Recently, Rob Barry summarized some important points on the topic of delivering business process management (BPM) through the software-as-a-service (SaaS) model (see Choosing Business Process Management: SaaS BPM or On-premise BPM? According to this article, although managing business process in the cloud is in an early stage, this delivery model is becoming more noticeable. After reading this, I felt that it would be interesting to know business users’ attitudes toward the SaaS model while selecting BPM solutions. Luckily, I was able to look into BPM selection projects recorded in our BPM Evaluation Center and found that over 16 percent of BPM seekers, in 2009, were willing to acquire BPM capabilities through subscription or leasing agreements.
In 2008, TEC BPM Evaluation Center added a new option to the question that allows users to specify their needs regarding expected services: software provided as a service through a subscription or leasing agreement (SaaS). Among the thousands of valid answers to the services section, in 2009, 16 percent of them checked this new added option.
While looking into the profile of the hundreds of users that selected the SaaS option, (the “SaaS group” hereafter), I found some noticeable differences between this group of users and the rest of BPM seekers (the “non-SaaS group” hereafter) in the following areas:
Business Size and Structure
Although not quite significantly, the statistics suggests that bigger organizations are slightly more inclined to the SaaS model than smaller ones. This might be relevant to another aspect that I’ve found—distributed organizations are more in favor of the SaaS model. The “SaaS group” contains more multinational organizations and fewer single site organizations than the “non-SaaS group” (Figure 1).
Figure 1. Organization structure composition: “SaaS group” vs. “non-SaaS group”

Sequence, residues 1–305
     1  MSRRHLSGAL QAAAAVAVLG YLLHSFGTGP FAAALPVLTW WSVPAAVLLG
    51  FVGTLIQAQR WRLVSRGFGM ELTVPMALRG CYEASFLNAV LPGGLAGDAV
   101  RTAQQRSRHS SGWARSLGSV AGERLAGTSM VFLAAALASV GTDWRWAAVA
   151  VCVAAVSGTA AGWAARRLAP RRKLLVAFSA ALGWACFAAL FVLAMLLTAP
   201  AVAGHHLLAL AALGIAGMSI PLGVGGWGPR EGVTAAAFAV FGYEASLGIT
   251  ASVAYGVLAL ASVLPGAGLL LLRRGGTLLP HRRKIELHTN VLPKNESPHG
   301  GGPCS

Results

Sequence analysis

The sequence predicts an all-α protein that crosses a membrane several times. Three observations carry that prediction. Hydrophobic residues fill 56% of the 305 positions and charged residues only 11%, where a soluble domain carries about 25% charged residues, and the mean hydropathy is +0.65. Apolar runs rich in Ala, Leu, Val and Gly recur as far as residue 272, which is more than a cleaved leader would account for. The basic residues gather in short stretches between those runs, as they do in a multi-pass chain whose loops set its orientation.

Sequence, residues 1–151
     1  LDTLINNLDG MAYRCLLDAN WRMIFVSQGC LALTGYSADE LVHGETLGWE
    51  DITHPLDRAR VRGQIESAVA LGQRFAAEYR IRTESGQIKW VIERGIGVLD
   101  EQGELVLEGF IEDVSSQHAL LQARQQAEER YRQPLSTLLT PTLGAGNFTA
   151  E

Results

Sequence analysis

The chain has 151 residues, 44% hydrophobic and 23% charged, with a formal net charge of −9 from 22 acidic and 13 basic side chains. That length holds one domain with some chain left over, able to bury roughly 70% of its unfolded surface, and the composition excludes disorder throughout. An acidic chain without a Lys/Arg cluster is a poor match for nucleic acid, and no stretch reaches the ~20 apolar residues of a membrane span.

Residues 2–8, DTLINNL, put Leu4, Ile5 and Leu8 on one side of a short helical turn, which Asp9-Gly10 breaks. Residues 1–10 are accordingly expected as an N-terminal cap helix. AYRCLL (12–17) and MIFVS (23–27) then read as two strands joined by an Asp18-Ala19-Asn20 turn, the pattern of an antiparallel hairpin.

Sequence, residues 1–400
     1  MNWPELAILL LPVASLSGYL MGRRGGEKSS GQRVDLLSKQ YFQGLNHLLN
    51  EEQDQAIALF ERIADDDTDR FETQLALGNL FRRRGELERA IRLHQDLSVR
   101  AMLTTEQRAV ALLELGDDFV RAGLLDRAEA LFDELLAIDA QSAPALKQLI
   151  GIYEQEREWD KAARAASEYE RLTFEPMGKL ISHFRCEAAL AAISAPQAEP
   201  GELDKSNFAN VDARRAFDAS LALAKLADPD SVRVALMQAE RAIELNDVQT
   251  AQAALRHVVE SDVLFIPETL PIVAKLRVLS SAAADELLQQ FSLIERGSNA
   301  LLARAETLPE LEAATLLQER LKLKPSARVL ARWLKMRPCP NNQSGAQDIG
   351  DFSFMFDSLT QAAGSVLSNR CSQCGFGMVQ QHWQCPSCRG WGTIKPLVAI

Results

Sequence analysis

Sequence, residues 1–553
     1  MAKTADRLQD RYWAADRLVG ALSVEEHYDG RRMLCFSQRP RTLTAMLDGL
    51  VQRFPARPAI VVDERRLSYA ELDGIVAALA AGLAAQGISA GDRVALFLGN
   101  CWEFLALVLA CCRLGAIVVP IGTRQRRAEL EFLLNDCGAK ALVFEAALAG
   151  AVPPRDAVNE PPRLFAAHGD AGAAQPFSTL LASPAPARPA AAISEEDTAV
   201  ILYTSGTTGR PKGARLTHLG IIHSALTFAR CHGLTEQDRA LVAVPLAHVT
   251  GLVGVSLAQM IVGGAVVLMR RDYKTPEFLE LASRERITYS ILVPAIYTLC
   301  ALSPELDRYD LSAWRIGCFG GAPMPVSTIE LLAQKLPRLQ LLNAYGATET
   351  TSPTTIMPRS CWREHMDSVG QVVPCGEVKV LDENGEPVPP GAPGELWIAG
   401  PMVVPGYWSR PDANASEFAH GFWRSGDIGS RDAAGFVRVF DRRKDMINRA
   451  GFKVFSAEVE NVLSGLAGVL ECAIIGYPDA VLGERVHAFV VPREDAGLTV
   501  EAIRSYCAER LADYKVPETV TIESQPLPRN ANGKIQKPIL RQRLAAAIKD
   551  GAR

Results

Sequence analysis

In his article, Barry mentioned that due to security concerns, the acceptance level of the SaaS model varies in different industries. The above mentioned data shows that banking, financial, and telecommunication are the top 3 industries in both the “SaaS group” and the “non-SaaS group”. However, electronics/high-tech, health care, energy, and insurance are the industries that have a higher ranking in the “SaaS group”.
Implementation: Number of Users and Timeframe
After seeing the statistics on business size and structure, it’s not a surprise that in the “SaaS group”, organizations are planning to have more users for their future BPM systems than those in the “non-SaaS group”. Also, the “SaaS group” requires a shorter implementation time frame, which is a benefit that the SaaS model is supposed to deliver.
Frankly, 16 percent is greater than what I expected before running the analysis. It seems that the SaaS model has reached a considerable level of acceptance in the BPM area. Will the percentage keep growing? I think the answer relies on how well SaaS BPM solutions are able to meet users’ business requirements down the road.
16 Percent of BPM Seekers Agree with the SaaS Delivery Model » The TEC Blog…